There are many side effects of antibiotics. Normally, after taking an antibiotic, it is necessary to take yogurt and probiotic for three months to restore the good bacteria you need for health and that is only one of the issues of antibiotic oversuse.
You should use antibiotics when needed. However, In Lancet, the prestigious British Medical Journal, they reported that 84% of patients with sinusitis got well on the antibiotic. And, 76% of the sinusitis patients got well on placebo.
In the Archives of Internal Medicine in 2003 Dr. Bucher* reported that in treating acute sinusitis, after a week, the symptoms of the patients on Augmentin were the same as those on placebo.
Admittedly the medical profession has not done a good job of avoiding antibiotic abuse. Part of the blame lies with the advertising and samples handed out so freely when a new “better” antibiotic is being promoted. Part of the blame is with the doctors; a patient walks into the doctor’s office with a nose full of pus, and walks out with the nose full of pus– with a prescription for an antibiotic. Why didn’t the doctor do a treatment that would have removed that pus? It only takes a few minutes, for example, to do a pulsatile irrigation or a suction removal. With the pus removed, maybe an antibiotic could be avoided. When you remove the pus, you reduce the total number of bacteria. The fewer the numbers, the more probability that natural healing factors will cure the illness. After all, before we had antibiotics, people did get well with an infection by natural means.
Now we have bacteria that are proving resistant to major antibiotics. One is called MRSA Staph. This is prevalent in the hospital and persons going in for surgery may become infected with this. If they are receiving some type of implant – for example, a hip replacement, this type of bacterial wound infection could spell disaster.
Years ago, around 1850, hospital infections were so bad, that a woman was much safer having her baby at home than in the hospital. If resistant organisms continue to multiply, we may be back to where we were 150 years ago. Heaven forbid, we could come to a time when we couldn’t do hip and other replacement surgeries anymore!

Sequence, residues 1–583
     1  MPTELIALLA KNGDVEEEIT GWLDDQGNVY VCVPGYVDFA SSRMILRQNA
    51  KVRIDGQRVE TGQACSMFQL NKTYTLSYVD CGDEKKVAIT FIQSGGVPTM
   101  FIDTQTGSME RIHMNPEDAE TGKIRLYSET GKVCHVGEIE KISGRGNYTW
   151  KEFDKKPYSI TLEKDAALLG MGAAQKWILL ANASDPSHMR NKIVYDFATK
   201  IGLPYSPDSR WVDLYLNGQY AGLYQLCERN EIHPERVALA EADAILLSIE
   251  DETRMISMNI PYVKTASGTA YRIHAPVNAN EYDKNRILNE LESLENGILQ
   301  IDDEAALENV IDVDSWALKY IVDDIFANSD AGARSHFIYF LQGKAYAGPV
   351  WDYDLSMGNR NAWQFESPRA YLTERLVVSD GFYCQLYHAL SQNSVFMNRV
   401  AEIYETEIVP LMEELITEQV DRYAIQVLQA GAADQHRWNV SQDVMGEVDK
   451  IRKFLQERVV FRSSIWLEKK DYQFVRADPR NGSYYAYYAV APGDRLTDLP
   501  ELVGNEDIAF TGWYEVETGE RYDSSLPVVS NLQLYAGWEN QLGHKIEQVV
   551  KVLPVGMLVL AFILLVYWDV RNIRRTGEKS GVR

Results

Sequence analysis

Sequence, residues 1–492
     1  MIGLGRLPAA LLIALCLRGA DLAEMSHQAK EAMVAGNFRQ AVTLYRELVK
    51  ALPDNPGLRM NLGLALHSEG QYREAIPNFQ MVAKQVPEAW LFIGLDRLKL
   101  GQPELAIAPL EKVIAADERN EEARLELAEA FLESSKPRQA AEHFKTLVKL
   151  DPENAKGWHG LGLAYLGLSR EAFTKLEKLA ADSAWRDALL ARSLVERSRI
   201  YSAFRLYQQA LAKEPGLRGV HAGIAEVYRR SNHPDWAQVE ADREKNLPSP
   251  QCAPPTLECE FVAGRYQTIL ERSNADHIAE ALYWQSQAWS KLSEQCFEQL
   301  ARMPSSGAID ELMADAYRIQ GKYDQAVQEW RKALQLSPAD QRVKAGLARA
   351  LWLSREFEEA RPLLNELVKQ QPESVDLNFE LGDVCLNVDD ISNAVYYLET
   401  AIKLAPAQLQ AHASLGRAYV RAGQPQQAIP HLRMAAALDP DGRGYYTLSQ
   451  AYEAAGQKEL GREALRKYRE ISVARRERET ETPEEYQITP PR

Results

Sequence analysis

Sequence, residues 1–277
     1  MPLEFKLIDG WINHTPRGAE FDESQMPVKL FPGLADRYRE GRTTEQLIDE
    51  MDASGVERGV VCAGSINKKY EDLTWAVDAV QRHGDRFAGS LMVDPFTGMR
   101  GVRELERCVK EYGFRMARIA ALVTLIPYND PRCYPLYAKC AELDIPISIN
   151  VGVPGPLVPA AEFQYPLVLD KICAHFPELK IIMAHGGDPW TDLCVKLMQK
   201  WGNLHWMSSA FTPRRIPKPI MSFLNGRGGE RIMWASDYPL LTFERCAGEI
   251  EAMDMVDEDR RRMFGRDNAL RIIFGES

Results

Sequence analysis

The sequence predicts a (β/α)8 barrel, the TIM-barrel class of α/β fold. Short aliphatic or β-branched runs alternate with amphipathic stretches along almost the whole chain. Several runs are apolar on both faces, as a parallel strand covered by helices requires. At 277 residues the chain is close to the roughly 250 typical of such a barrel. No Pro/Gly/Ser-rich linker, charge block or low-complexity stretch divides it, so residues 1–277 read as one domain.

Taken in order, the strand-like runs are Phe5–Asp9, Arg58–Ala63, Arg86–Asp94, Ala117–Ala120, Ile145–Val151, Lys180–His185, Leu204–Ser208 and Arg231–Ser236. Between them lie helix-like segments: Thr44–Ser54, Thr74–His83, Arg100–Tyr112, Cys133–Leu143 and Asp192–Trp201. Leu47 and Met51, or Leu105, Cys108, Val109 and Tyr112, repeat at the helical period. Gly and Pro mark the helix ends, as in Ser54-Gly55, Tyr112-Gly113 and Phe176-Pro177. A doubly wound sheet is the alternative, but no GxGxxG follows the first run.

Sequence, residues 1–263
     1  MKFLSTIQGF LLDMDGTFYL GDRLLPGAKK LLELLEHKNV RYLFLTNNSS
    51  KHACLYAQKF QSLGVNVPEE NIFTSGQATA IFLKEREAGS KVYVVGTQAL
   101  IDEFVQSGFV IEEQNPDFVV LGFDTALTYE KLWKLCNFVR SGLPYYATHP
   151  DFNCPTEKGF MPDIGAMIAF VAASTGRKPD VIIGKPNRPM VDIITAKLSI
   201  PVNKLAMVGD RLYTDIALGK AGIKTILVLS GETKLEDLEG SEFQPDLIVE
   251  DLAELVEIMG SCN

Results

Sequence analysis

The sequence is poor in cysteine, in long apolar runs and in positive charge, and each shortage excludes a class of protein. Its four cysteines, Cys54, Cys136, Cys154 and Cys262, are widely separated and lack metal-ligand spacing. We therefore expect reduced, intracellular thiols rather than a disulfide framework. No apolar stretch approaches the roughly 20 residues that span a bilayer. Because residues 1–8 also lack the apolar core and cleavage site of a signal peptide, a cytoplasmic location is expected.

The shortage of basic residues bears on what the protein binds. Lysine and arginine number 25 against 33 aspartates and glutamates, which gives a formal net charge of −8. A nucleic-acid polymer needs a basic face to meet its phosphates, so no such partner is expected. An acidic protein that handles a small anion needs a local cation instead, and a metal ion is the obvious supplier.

It seems that the patients themselves must personally do the job of avoiding the abuse of antibiotics; the doctors can’t do it alone.
Healing an infection with natural immune factors is better than taking big doses of antibiotic. In addition, you also help your overall immune system. In East Germany, they didn’t have many antibiotics before the fall of the Berlin Wall. But they didn’t develop much asthma. In West Germany kids were given antibiotic for any sniffle; they developed a higher incidence of asthma.
If you no longer need to take antibiotics. You can, for example, use simple means to increase nasal cilia movement that sweeps the bacteria out of the nose and sinuses. Instead of drugs, when you  have a cough they use steam inhalation and tea, lemon, and honey.
The more persons that avoid antibiotic abuse, the sooner we will all have better health. A single person who takes an inadequate dose of an antibiotic can generate a resistant organism, so wide publicity is essential.
Just recognize the problem and do your part in reducing antibiotic abuse, and tell all your friends why they should do the same. Together, we can make our friends and ourselves healthier.
*Bucher HC, Tschudi P, Young J, et al:. Effect of amoxicillin-clavulanate in clinically diagnosed acute rhinosinusitis: a placebo-controlled, double-blind, randomized trial in general practice. Arch Intern Med, 2003 Aug 11-25;, 163(15): 1793-8. (After six days the symptoms of placebo and antibiotic patients were about the same.)